By October 9, 1950, China had massed four armies and three artillery divisions on the Yalu River – the force's commander, Peng Dehuai, complaining that he could use 700 more trucks and 600 more drivers. On October 10, in Moscow, Stalin and representatives from China met and discussed Korea. The purpose of the Chinese was to get as much help from the Soviet Union as possible. Stalin complained that North Korea was about to be defeated. The Chinese pretended hesitation about intervening, but Stalin encouraged them, countering that the U.S. was a menace to China's security and would be especially so if UN forces reached the Yalu River. Stalin said that the Soviet Union could not send troops because the Soviet Union had already committed to withdrawal from North Korea. Besides, he claimed, his border with Korea was too small. But, he said, the Soviet Union would provide the Chinese sufficient military equipment and war material – weapons and ammunition left over from World War II. The People's Republic of China was, however, to pay the Soviet Union for all military supplies, which created some bitterness among the Chinese Communist leadership that was to last for years to come.
Asked about the Soviet Union supplying air cover for the Chinese, Stalin held that the Soviet Union was not ready for this. [note] Mao had been expecting the Soviet Union to supply air cover for China's forces, and after receiving a telegram from Moscow informing him of developments there, Mao sent an urgent telegram of his own, ordering that his armies on the Yalu river put their operations on hold and concentrate on training. And when the commander of China's forces, Peng, learned that the Soviet Union would not be supplying air cover he threatened to resign.
U.S. Military intelligence was aware of the Chinese troops across the Yalu River and described them as five divisions probably intending to protect China's hydroelectric generating plants. On October 15, 1950, MacArthur met President Truman on Wake Island. He assured Truman that victory was won in Korea and that the Chinese would not intervene. The Chinese, he said, have 300,000 men in Manchuria, "but only 50 to 60 thousand could be gotten across the Yalu River." They have no air force, he said, "and if they tried to get down to Pyongyang there would be the greatest slaughter." And from Truman, MacArthur received his fifth Distinguished Service Medal.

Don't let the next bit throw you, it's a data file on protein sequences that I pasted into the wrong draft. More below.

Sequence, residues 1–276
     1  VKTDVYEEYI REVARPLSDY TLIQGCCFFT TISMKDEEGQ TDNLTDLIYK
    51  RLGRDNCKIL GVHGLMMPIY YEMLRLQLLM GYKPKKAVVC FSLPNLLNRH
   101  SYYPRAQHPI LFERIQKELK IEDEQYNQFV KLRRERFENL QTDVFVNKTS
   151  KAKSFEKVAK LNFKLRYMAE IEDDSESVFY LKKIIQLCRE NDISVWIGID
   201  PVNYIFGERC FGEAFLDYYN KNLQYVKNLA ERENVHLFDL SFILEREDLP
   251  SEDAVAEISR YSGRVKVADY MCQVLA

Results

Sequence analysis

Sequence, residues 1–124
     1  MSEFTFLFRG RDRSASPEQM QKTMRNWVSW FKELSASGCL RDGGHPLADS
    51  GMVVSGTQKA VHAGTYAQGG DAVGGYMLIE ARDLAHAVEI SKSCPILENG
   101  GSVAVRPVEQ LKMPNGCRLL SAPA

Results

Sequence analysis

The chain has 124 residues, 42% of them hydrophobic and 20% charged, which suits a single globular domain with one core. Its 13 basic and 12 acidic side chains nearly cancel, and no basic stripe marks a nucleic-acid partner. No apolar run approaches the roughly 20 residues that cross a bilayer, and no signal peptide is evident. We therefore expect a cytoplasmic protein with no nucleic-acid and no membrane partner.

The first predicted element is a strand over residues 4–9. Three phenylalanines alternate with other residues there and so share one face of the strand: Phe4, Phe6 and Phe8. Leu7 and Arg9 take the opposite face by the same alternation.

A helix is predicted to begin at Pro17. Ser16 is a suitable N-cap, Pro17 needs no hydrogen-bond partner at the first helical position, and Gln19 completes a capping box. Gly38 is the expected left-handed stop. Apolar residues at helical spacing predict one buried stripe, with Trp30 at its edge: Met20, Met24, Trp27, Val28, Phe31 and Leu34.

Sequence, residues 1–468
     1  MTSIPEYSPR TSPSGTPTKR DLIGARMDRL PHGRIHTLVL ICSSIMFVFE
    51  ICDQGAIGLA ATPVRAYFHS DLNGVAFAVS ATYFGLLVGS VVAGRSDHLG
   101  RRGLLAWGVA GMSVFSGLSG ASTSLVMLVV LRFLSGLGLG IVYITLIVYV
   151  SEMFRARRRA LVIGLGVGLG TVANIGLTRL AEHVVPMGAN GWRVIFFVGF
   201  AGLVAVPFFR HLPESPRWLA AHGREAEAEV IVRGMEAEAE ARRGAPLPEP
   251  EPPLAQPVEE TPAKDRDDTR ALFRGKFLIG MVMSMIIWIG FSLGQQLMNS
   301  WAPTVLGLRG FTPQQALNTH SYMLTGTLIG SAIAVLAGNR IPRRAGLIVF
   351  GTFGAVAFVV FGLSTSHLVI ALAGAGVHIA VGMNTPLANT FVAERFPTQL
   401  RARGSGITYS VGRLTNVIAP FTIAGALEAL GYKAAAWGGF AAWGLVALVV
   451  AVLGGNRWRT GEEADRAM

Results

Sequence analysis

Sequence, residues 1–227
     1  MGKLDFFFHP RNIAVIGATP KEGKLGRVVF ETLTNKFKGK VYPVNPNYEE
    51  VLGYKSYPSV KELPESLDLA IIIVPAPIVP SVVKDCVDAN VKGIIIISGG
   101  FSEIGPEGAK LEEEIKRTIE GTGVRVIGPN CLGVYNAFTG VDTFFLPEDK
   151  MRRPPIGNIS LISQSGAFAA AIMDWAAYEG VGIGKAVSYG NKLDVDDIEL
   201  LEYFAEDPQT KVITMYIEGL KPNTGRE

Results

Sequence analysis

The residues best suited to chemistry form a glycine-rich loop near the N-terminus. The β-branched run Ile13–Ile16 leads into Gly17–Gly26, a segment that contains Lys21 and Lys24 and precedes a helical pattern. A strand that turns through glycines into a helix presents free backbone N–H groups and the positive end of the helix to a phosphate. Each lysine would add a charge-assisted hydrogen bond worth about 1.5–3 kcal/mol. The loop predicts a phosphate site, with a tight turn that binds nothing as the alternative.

United Nation forces entered Pyongyang on October 15. Mao and his associates worried that the UN forces would soon be at the Yalu River, and they decided to send their armies across the river, near the Chinese city of Dandong and a hundred miles upriver, near Manpo. It was a hush-hush operation, with the first of the Chinese troops dressed in North Korean uniforms.
MacArthur could have halted his troops at Korea's narrow neck – around 100 miles wide – which would have left the UN forces with 90 percent of the Korean population and Pyongyang. This is what Winston Churchill would have liked MacArthur to do. A demilitarized zone could have been proposed between this line and the Yalu River. But MacArthur was in no such cautious frame of mind. He headed for a 400-mile wide border. He split his forces, sending U.S. troops up the west side of the peninsula and other U.S. troops up the east side, with mountains between them. The Joint Chiefs of Staff at the Pentagon had ordered that only Korean forces be sent to the Yalu. MacArthur was doing it his way. The Joint Chiefs of Staff were acquiescing, and MacArthur was sending what he thought were spare supplies and ammunition back to Japan.
Copyright © 2001-2011 by Frank E. Smitha. All rights reserved.